Starbucks, Tinder, Uber and many other brands have already invested in PWAs, but is the time right to invest in this new technology and can it replace your native app? I have been asked this question more and more frequently and put together the below guide for you to get an overview of what are Progressive Web Apps, how they potentially support your mobile strategy and whether you should be creating your own. Progressive Web Apps (PWAs) are web-based applications that appear to the user like traditional native apps on their SmartPhones.
PWAs are using regular web technology and are built like a traditional web application, but have access to some additional capabilities such as background services, offline capabilities, push notifications and other mobile device features.
PWAs can be installed on your home screen like a native application, providing you the same benefit of stickiness like a regular app. Not only this, you can develop and deploy web apps without the need to submit them to the app store and undergo certification.
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Sounds beautiful, but hold on. As usual, we are not all on the same page.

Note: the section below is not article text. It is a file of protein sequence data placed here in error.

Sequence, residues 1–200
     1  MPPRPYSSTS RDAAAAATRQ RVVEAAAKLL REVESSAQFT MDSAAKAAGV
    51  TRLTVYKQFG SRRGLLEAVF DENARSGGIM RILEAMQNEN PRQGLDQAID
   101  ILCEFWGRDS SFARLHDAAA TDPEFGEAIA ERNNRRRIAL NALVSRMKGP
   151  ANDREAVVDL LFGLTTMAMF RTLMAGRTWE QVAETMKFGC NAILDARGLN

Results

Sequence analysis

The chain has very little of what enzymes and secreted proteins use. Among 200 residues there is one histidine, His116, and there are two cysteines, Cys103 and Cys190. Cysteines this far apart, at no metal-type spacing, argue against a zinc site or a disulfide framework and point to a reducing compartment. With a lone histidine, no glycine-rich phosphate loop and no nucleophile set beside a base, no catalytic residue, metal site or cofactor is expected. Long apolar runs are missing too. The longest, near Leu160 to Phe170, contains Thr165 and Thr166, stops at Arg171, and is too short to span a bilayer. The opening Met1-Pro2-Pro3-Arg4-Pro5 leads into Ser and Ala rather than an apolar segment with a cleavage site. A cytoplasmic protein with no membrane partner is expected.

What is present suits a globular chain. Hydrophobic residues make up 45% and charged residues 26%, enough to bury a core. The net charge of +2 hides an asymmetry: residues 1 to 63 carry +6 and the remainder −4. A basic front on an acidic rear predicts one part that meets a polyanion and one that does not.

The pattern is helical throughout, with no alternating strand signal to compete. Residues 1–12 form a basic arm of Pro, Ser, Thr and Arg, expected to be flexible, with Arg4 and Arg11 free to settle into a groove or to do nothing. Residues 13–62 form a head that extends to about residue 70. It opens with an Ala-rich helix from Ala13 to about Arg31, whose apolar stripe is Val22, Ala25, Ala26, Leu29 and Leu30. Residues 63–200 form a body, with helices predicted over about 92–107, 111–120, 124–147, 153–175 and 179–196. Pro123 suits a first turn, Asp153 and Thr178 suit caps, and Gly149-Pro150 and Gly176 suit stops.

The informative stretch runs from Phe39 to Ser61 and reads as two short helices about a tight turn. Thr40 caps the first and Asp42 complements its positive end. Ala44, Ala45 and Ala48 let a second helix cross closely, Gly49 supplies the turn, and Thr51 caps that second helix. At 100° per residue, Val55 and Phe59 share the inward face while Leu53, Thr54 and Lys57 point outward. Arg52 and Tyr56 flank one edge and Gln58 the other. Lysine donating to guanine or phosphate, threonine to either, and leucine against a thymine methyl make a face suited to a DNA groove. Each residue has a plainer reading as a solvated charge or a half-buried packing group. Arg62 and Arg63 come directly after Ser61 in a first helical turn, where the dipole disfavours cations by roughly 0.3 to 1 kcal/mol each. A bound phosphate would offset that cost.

Google is promoting PWAs, and their Android operating system has complete support for PWAs at this stage. Features such as Push Notifications, Speech Recognition or BackgroundSync are available on Android but are missing on iOS. Especially PushNotifications not being present on iOS 11 is a big negative point at this stage.
However, it still enables users of both operating systems to utilize the camera, location and storage services. Gestures are also supported which allows PWA developers to create native-like experiences from an interaction design perspective.
Googles' Android app development has another advantage which is that it can prompt users to install the PWA when they are visiting your website on mobile devices. This increases adoption and installs for your PWA. On iOS, brands have to do more work to advertise the feature. This brings us to the point of whether you should invest in creating a PWA for your business or not.
If you have an existing native application and your userbase is predominantly on iOS then no. Your native app will do the job, and the additional budget required to create and promote your new PWA may as well be spent elsewhere.
But, if your Android userbase is large enough or if you don't even have a mobile application yet then a PWA could be an option to start with.
It's important to note, that while PWAs are based on web technology and are easier to deploy and test than native applications a fully functional PWA that makes use of the best practices such as progressive loading, worker services or offline capabilities and requires more advanced development.
To sum up, while there are some excellent reasons to invest in PWAs they are nowhere close to replacing your native application development effort anytime soon. It's an exciting space to watch, and we will keep you updated with the latest developments.